Library Journal Review

In 1941 Leningrad, two sisters share everything including a passion for Red Army officer Alexander. Simons, the author of Tully and other titles, was born and raised in St. Petersburg. (c) Copyright 2010. Library Journals LLC, a wholly owned subsidiary of Media Source, Inc. No redistribution permitted.


School Library Journal Review

Adult/High School-A heart-stopping love story by the author of Tully (St. Martin's, 1995). Teens will also be gripped by descriptions of battles of World War II Europe on the eastern front, when Hitler abrogated the nonaggression pact with Stalin and invaded Russia. The events are told in explicit detail, from battle scenes to the horror of life in Leningrad under siege to passionate lovemaking. Tatiana meets Alexander when she is 16; he is an army officer but soon reveals that he is American by birth, the son of communists who moved to Russia to be part of a new society. They were killed by the secret police when they became disillusioned. Alexander hides his secret from all but one man, Dimitri, who constantly threatens him. Tatiana, living in a cramped apartment with her family, watches her parents, grandmother, and cousin die of starvation. With Alexander's help she escapes from Leningrad and makes her way to the country, staying with distant cousins who nurse her back to health. Tatiana and Alexander are reunited there, and for a brief time live an idyllic life. They marry and he returns to the war. Finally, desperate to escape Russia, the couple decides to leave by way of Finland, but Dimitri again foils their plans. Only Tatiana arrives in America, to give birth to their son on Ellis Island.-Molly Connally, Kings Park Library, Fairfax County, VA (c) Copyright 2010. Library Journals LLC, a wholly owned subsidiary of Media Source, Inc. No redistribution permitted.


Excerpts

Excerpts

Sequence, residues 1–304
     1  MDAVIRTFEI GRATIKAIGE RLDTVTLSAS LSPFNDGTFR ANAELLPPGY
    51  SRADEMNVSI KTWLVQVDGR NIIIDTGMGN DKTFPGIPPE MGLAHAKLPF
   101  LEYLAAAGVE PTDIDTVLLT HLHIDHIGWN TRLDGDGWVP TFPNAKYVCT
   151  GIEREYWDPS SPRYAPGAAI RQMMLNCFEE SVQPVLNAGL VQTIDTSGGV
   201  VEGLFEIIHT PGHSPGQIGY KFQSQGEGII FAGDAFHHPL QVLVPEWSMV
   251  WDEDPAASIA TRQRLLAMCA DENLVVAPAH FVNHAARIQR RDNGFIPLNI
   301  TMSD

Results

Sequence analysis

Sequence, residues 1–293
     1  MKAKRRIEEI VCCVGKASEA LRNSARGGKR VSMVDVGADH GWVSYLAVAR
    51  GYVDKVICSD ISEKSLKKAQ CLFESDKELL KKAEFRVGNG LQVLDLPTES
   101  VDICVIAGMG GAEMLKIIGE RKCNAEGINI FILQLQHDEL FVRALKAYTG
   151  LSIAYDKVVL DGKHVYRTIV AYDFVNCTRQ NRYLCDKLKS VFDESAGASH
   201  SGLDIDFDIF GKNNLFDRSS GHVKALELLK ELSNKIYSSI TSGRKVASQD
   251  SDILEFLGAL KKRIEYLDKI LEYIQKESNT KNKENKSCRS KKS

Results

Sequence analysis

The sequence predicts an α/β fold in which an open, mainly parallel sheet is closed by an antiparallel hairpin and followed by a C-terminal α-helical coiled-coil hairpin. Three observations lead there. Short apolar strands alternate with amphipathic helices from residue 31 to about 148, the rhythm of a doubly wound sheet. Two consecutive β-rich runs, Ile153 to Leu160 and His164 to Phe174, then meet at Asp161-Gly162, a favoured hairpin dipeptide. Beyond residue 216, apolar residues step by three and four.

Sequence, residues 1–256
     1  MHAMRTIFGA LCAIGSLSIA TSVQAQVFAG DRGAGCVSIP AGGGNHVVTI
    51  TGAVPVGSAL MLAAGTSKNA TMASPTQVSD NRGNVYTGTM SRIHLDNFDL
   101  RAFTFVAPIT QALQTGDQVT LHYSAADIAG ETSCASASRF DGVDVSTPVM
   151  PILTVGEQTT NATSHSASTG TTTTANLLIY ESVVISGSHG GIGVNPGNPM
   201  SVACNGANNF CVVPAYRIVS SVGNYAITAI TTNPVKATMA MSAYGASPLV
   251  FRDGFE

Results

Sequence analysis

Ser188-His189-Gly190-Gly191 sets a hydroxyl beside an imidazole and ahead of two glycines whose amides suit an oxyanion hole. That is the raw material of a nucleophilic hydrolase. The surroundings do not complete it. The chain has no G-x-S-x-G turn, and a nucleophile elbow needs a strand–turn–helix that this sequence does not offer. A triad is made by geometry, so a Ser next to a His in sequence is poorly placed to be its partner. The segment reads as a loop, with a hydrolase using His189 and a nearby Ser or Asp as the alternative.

The Bronze Horseman Chapter One The Field of Mars Light came through the window, trickling morning all over the room. Tatiana Metanova slept the sleep of the innocent, the sleep of restless joy, of warm, white Leningrad nights, of jasmine June. But most of all, intoxicated with life, she slept the exuberant sleep of undaunted youth. She did not sleep for much longer. When the sun's rays moved across the room to rest at the foot of Tatiana's bed, she pulled the sheet over her head, trying to keep the daylight out. The bedroom door opened, and she heard the floor creak once. It was her sister, Dasha. Daria, Dasha, Dashenka, Dashka. She represented everything that was dear to Tatiana. Right now, however, Tatiana wanted to smother her. Dasha was trying to wake her up and, unfortunately, succeeding. Dasha's strong hands were vigorously shaking Tatiana, while her usually harmonious voice was dissonantly hissing, "Psst! Tania! Wake up. Wake up!" Tatiana groaned. Dasha pulled back the sheet. Never was their seven-year age difference more apparent than now, when Tatiana wanted to sleep and Dasha was ... "Stop it," Tatiana muttered, fishing helplessly behind her for the sheet and pulling it back over her. "Can't you see I'm sleeping? What are you? My mother?" The door to the room opened. Two creaks on the floor. It was her mother. "Tania? You awake? Get up right now." Tatiana could never say that her mother's voice was harmonious. There was nothing soft about Irina Metanova. She was small, boisterous, and full of indignant, overflowing energy. She wore a kerchief to keep her hair back from her face, for she had probably already been down on her knees washing the communal bathroom in her blue summer frock. She looked bedraggled and done with her Sunday. "What, Mama?" Tatiana said, not lifting her head from the pillow. Dasha's hair touched Tatiana's back. Her hand was on Tatiana's leg, and Dasha bent over as if to kiss her. Tatiana felt a momentary tenderness, but before Dasha could say anything, Mama's grating voice intruded. "Get up quick. There's going to be an important announcement on the radio in a few minutes." Tatiana whispered to Dasha, "Where were you last night? You didn't come in till well past dawn." "Can I help it," Dasha whispered with pleasure, "that last night dawn was at midnight? I came in at the perfectly respectable hour of midnight." She was grinning. "You were all asleep." "Dawn was at three, and you weren't home." Dasha paused. "I'll tell Papa I got caught on the other side of the river when the bridges went up at three." "Yes, you do that. Explain to him what you were doing on the other side of the river at three in the morning." Tatiana turned over. Dasha looked particularly striking this morning. She had unruly dark brown hair and an animated, round, dark-eyed face that had a reaction for everything. Right now that reaction was cheerful exasperation. Tatiana was exasperated herself -- less cheerfully. She wanted to continue sleeping. She caught a glimpse of her mother's tense expression. "What announcement?" Her mother was taking the bedclothes off the sofa. "Mama! What announcement?" Tatiana repeated. "There is going to be a government announcement in a few minutes. That's all I know," Mama said doggedly, shaking her head, as if to say, what's not to understand? Tatiana was reluctantly awake. Announcement. It was a rare event when music would be interrupted for a word from the government. "Maybe we invaded Finland again." She rubbed her eyes. "Quiet," Mama said. "Or maybe they invaded us. They've been wanting their borders back ever since losing them last year." "We didn't invade them," said Dasha. "Last year we went to get our borders back. The ones we lost in the Great War. And you should stop listening to adult conversations." "We didn't lose our borders," Tatiana said. "Comrade Lenin gave them away freely and willingly. That doesn't count." "Tania, we are not at war with Finland. Get out of bed." Tatiana did not get out of bed. "Latvia, then? Lithuania? Byelorussia? Didn't we just help ourselves to them, too, after the Hitler-Stalin pact?" "Tatiana Georgievna! Stop it!" Her mother always called her by her first and patronymic names whenever she wanted to show Tatiana she was not in the mood to be fooled with. Tatiana pretended to be serious. "What else is left? We already have half of Poland." "I said stop!" Mama exclaimed. "Enough of your games. Get out of bed. Daria Georgievna, get that sister of yours out of bed." Dasha did not move. Growling, Mama left the room. Turning quickly to Tatiana, Dasha whispered conspiratorially, "I've got something to tell you!" "Something good?" Tatiana was instantly curious. Dasha usually revealed little about her grown-up life. Tatiana sat up. "Something great!" said Dasha. "I'm in love!" Tatiana rolled her eyes and fell back on the bed. "Stop it!" Dasha said, jumping on top of her. "This is serious, Tania." "Yes, all right. Did you just meet him yesterday when the bridges were up?" She smiled. "Yesterday was the third time." Tatiana shook her head, gazing at Dasha, whose joy was infectious. "Can you get off me?" "No, I can't get off you," Dasha said, tickling her. "Not until you say, 'I'm happy, Dasha.'" "Why would I say that?" exclaimed Tatiana, laughing. "I'm not happy. Stop it! Why should I be happy? I'm not in love. Cut it out!" Mama came back into the room, carrying six cups on a round tray and a silver samovar -- an urn with a spigot used for boiling water for tea. "You two will stop at once! Did you hear me?" "Yes, Mama," said Dasha, giving Tatiana one last hard tickle. "Ouch!" said Tatiana as loudly as possible. "Mama, I think she cracked my ribs." "I'm going to crack something else in a minute. You're both too old for these games." Dasha stuck out her tongue at Tatiana. "Very grown-up," Tatiana said. "Our Mamochka doesn't know you're only two." Dasha's tongue remained out. Tatiana reached up ... The Bronze Horseman . Copyright © by Paullina Simons. Reprinted by permission of HarperCollins Publishers, Inc. All rights reserved. Available now wherever books are sold. Excerpted from Bronze Horseman by Paullina Simons All rights reserved by the original copyright owners. Excerpts are provided for display purposes only and may not be reproduced, reprinted or distributed without the written permission of the publisher.